• Oklahoma ME office uncertainty needs to end

    The Oklahoman Editorial | Published: Thu, Sep 17, 2015

    IN September 2013, the Oklahoma Council of Bond Oversight voted to authorize the sale of bonds to raise $38.5 million for a building to house the state medical examiner's office. The next day's story in The Oklahoman began this way: “In a couple of years or so from now, if everything goes according to plan, bodies will be delivered for autopsies to the medical examiner's new headquarters at the southeast corner of the University of Central Oklahoma.” Unfortunately, everything has not gone according to plan. As a result, employees of the ME's office find themselves once again hoping for a happy ending to a story that has dragged on for about a decade.

  • Focus on deregulation might serve GOP candidates well

    The Oklahoman Editorial | Published: Thu, Sep 17, 2015

    TAX cuts have long been a cornerstone of Republican Party politics, and many GOP presidential contenders have called for major changes that would lower rates and increase the reward for work and investment. Such efforts are undoubtedly worthwhile. But tax cuts aren't the only weapon that could free the nation from the grip of the anemic economic growth that has reigned during the Obama years. Policymakers should also push for broad deregulation to free entrepreneurs and risk-takers. That point was raised by Noah Smith, an assistant professor of finance at Stony Brook University, in a recent column for Bloomberg View. Smith dismisses tax cuts as a method to produce “only a little growth,” but suggests deregulation could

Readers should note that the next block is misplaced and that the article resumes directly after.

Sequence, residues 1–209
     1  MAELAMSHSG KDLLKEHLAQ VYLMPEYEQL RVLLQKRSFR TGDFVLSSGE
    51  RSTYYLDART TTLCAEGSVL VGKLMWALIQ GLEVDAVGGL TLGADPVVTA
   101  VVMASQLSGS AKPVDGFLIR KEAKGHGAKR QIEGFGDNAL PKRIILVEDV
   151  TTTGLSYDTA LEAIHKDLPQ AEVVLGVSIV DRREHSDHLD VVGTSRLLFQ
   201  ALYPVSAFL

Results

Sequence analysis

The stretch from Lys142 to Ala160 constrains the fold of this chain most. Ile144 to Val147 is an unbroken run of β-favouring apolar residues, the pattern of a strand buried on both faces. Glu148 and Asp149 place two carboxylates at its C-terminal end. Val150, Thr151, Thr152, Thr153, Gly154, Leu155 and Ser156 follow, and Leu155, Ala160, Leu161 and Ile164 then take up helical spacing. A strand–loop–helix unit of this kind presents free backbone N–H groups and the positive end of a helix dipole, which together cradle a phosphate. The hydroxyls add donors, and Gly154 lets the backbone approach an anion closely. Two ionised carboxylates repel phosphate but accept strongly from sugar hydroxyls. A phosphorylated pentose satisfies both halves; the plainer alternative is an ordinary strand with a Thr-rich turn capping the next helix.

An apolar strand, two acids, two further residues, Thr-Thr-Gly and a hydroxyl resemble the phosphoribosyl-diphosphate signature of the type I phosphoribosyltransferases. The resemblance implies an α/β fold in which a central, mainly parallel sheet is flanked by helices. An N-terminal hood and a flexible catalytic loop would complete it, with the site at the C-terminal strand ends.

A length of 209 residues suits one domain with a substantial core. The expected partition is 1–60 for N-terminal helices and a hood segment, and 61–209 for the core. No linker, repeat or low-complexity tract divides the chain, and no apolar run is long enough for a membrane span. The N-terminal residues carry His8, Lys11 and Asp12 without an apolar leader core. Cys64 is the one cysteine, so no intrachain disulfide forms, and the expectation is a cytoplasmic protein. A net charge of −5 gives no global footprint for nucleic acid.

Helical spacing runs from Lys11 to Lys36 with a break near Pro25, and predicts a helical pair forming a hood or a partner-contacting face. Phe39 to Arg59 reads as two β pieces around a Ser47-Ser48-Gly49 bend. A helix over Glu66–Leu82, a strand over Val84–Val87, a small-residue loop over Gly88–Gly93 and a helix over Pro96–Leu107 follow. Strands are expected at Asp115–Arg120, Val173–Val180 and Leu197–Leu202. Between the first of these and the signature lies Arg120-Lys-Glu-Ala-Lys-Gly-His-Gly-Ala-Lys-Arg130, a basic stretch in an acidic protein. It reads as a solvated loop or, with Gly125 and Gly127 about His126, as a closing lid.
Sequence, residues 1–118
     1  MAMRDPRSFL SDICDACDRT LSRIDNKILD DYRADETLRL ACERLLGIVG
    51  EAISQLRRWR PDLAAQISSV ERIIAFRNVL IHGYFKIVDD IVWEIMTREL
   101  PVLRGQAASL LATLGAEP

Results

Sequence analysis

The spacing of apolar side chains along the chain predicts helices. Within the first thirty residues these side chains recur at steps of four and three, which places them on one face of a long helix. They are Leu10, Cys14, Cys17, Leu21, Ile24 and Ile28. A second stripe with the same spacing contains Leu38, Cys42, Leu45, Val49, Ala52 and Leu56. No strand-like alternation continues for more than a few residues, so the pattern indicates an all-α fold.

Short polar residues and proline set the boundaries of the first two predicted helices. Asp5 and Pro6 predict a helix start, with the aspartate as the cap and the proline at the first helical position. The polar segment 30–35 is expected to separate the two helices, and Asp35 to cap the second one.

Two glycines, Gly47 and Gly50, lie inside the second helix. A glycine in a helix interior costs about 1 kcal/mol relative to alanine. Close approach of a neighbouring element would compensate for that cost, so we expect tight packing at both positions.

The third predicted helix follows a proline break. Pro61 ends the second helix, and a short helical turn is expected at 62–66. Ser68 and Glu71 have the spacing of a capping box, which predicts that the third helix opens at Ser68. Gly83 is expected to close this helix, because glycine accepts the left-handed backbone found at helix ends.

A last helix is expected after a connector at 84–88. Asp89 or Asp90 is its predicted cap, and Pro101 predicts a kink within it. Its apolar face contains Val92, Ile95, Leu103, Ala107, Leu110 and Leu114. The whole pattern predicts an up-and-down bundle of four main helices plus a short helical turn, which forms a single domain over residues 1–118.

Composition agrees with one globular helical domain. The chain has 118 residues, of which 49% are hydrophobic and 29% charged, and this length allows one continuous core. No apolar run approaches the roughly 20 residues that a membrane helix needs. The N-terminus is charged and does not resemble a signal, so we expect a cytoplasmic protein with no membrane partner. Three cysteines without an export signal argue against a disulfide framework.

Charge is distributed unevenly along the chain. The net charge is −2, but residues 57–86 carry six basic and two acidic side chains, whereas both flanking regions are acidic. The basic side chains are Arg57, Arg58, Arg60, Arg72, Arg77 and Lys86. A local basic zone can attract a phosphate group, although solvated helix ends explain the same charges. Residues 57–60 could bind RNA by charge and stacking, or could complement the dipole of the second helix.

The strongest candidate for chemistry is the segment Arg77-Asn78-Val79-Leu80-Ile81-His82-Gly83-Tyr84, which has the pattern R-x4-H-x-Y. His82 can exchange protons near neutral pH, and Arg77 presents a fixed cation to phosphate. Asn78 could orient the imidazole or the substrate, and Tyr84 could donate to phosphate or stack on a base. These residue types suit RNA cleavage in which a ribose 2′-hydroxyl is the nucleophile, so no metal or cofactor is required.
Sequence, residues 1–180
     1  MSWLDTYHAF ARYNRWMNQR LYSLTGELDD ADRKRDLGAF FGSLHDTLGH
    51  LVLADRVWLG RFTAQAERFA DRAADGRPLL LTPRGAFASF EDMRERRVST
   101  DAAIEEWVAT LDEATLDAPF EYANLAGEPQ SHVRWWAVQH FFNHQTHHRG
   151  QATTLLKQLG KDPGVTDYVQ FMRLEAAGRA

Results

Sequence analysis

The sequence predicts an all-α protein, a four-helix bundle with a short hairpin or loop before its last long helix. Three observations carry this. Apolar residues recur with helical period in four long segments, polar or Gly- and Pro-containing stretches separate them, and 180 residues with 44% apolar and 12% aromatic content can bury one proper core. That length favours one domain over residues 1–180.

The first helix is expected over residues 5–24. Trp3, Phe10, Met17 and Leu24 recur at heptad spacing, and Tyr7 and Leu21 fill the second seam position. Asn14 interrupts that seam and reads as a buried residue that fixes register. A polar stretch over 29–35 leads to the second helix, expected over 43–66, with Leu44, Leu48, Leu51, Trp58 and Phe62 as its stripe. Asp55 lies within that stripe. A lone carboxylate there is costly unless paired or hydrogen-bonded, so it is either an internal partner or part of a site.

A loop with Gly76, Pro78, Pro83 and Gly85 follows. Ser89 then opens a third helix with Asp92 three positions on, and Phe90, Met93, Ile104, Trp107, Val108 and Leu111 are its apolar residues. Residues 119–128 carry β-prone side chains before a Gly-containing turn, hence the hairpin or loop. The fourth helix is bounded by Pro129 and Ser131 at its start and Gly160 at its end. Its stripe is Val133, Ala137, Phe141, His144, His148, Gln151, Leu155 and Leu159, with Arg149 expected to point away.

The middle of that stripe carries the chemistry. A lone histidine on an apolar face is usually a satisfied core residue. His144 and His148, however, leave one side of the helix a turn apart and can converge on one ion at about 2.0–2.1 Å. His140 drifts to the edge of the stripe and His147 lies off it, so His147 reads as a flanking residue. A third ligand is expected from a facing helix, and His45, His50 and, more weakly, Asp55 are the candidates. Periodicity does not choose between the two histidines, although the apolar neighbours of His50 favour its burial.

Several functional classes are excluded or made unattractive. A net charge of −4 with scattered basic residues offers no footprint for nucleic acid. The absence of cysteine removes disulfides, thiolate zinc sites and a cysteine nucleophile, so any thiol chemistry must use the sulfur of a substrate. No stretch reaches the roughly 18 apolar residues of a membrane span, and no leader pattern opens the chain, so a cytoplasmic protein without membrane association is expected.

• Less demagoguery sought in debate over Oklahoma's '85 percent' rule

    The Oklahoman Editorial | Published: Wed, Sep 16, 2015

    A decision by the Oklahoma Board of Corrections will save the state millions of dollars over the long run and may provide for a safer work environment for men and women charged with monitoring prison inmates. In the view of one critic, however, this move will mean certain disaster for Oklahoma. The corrections board, at the urging of Gov. Mary Fallin, voted last week to allow inmates convicted of “85 percent” crimes to earn good-behavior credits from the start of their confinement. For many years, these credits weren't allowed to accrue until the inmate had completed at least 85 percent of the sentence. Consequently, many wind up serving more than 90 percent of their time before being released.